Walter Johnson's family puts items up for auction

Walter Johnson's family puts items up for auction

The family of late Hall of Fame pitcher Walter Johnson has decided to place several pieces of memorabilia from Johnson's career up for auction on Saturday at Heritage Auctions in New York, according to The Associated Press.

The highlight of the items up for sale is a one-of-a-kind ticket to Game 7 of the 1924 World Series for Row 1, Section B, Seat 7 of the lower grandstand at Griffith Stadium. Johnson entered the game in the ninth inning and pitched four shutout innings to earn the series-clinching win.

The ticket, which had been sitting in one of 32 scrapbooks originally created by Johnson's wife, Hazel Lee Roberts, is unique in that it was never torn in two by a ticket-taker and is the only one fully intact known to still exist.

Other items being placed up for auction by Johnson's daughter, Carolyn Thomas, and her son, Hank Thomas, include a personalized framed copy of Johnson's plaque from his Hall of Fame induction, a handwritten congratulatory letter from Ty Cobb, the "Notice to Player of Release or Transfer" document signed by Senators owner Clark Griffith after Johnson's final season in 1927 and an engraved six-piece tea set commemorating Johnson's 20th anniversary of signing with the club.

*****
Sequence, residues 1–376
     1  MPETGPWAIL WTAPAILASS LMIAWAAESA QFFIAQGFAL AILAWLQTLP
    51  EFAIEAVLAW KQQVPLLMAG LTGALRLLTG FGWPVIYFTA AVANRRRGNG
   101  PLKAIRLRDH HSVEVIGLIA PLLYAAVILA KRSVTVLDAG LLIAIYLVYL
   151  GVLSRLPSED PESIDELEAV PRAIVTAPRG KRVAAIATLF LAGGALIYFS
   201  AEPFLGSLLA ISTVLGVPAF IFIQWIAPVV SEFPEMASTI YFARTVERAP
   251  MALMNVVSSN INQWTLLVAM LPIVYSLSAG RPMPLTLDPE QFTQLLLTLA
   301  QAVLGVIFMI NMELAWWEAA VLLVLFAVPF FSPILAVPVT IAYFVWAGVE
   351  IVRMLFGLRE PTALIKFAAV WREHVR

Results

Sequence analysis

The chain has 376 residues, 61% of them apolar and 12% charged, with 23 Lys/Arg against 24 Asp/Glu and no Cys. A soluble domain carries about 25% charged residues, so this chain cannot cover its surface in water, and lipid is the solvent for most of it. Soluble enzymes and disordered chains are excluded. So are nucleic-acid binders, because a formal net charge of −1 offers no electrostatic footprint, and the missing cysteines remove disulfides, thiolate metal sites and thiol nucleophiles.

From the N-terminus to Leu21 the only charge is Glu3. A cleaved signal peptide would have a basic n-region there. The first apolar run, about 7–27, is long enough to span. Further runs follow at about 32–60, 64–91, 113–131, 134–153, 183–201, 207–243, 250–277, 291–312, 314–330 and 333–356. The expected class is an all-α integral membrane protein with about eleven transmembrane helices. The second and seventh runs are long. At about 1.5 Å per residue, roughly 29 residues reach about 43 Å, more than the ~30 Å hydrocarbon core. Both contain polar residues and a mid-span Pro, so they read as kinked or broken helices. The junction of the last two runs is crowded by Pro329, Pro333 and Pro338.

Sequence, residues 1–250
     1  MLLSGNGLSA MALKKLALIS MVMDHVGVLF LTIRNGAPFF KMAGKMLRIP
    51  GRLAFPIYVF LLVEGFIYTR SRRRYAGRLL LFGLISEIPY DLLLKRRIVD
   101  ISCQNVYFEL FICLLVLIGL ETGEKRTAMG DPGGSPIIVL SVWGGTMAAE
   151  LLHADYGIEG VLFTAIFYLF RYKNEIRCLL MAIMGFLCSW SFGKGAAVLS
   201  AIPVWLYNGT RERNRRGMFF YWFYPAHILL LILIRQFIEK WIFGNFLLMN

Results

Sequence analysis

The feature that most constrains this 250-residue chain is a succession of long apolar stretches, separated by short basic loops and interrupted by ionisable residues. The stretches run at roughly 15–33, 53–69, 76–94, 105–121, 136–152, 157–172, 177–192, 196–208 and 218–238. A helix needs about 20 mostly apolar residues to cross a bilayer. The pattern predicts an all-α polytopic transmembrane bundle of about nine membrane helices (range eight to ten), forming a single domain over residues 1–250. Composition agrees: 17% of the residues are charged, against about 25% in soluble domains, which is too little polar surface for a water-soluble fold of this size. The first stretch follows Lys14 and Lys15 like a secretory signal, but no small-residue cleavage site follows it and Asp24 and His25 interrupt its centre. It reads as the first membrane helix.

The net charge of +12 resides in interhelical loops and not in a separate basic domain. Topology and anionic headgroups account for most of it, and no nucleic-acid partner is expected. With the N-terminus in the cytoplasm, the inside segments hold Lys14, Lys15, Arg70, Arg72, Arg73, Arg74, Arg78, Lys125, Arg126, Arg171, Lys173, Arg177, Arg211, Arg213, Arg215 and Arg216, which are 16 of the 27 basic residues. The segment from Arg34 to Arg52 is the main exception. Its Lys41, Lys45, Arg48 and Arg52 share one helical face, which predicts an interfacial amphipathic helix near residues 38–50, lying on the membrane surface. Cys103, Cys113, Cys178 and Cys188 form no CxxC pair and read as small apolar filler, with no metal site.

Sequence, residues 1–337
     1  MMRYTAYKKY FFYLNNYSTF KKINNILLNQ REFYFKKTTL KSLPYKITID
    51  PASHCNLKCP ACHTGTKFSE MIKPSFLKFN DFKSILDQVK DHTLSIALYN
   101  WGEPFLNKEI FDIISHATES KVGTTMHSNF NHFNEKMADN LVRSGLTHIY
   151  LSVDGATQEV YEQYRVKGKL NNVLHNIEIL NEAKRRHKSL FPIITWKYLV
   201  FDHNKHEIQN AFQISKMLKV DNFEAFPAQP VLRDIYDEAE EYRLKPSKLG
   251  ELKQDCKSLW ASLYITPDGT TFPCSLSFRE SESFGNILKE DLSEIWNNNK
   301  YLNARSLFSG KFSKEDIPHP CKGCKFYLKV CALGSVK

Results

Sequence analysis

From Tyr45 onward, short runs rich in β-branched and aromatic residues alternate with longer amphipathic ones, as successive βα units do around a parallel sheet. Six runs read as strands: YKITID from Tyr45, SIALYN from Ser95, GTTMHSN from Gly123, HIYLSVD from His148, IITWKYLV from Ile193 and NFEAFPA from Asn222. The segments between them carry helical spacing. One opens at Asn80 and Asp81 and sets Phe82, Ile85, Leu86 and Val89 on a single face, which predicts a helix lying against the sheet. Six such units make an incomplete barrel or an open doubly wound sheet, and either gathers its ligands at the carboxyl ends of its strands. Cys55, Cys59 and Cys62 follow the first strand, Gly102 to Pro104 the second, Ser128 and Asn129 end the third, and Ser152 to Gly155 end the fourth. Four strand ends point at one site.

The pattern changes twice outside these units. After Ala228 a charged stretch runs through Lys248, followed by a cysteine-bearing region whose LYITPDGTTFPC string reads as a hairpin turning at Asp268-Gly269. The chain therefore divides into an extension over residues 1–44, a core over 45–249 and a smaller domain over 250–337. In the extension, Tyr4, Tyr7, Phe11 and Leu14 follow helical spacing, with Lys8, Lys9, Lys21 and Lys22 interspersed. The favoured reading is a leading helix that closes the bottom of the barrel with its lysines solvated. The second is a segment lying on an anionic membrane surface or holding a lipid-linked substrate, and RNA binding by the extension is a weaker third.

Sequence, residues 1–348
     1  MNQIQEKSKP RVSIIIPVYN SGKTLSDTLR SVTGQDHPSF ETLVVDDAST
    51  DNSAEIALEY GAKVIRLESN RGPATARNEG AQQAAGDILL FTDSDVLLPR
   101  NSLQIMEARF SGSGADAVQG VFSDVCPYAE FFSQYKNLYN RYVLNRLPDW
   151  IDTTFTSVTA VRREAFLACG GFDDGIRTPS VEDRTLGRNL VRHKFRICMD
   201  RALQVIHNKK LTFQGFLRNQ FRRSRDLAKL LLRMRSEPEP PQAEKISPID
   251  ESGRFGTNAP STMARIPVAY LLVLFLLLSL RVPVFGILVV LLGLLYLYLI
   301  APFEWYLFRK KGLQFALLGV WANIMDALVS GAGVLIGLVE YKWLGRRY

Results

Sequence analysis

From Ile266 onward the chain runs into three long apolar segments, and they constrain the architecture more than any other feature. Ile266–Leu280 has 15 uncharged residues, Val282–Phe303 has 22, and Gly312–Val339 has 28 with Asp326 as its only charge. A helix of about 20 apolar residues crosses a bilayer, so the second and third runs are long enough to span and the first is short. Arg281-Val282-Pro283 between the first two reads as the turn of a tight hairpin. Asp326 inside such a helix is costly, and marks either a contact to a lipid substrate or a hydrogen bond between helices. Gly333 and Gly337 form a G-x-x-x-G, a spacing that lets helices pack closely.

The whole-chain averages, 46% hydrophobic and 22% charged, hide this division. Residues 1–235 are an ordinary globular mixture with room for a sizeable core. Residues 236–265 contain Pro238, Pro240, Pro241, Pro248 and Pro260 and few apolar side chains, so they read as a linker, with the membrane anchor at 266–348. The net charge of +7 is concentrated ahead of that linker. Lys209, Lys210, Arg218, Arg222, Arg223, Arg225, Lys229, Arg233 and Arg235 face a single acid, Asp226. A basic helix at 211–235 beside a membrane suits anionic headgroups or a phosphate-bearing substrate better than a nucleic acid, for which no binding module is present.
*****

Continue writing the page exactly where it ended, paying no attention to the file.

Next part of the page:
Though the family has decided to part with some of the memorabilia, Carolyn and Hank plan to keep some of the more sentimental pieces. Among the pieces that will not be placed up for auction are the first postcard sent from Johnson to his future wife, as well as a foot-high bronze statue of Johnson that is part of the décor in Carolyn's house.

Johnson, who was inducted in the inaugural Hall of Fame class in 1936, remains second on the all-time wins list with 417, behind only Cy Young (511). He recorded three Triple Crown seasons, won two MVP Awards in 1913 and '24, threw one no-hitter and led the American League in strikeouts 12 times during his 21-year career with the Senators.

Paul Casella is a reporter for MLB.com. Follow him on Twitter @paul_casella. This story was not subject to the approval of Major League Baseball or its clubs.